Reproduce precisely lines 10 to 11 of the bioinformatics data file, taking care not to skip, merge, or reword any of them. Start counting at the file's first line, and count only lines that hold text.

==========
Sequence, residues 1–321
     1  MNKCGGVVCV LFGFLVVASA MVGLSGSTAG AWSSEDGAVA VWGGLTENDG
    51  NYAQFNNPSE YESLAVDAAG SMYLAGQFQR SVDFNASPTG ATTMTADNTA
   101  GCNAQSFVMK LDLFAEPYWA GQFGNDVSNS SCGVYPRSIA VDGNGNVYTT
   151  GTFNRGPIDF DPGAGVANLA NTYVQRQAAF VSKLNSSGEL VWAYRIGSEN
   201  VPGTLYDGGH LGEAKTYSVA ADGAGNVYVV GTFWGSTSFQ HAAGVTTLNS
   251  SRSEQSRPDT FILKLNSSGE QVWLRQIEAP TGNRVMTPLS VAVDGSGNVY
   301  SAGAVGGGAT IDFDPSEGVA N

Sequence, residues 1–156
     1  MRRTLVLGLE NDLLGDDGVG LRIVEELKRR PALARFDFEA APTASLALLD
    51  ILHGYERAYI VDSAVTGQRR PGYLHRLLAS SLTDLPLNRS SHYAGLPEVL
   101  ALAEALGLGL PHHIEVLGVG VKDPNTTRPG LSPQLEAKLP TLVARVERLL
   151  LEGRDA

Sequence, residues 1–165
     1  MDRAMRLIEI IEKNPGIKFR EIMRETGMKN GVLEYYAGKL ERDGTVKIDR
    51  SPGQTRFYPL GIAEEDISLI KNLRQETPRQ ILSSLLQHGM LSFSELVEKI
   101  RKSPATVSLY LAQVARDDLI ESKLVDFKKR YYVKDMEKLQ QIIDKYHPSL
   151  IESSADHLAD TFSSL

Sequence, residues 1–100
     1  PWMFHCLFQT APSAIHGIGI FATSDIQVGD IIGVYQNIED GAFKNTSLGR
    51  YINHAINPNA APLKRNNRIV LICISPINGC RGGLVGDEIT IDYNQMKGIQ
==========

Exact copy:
     1  MRRTLVLGLE NDLLGDDGVG LRIVEELKRR PALARFDFEA APTASLALLD
    51  ILHGYERAYI VDSAVTGQRR PGYLHRLLAS SLTDLPLNRS SHYAGLPEVL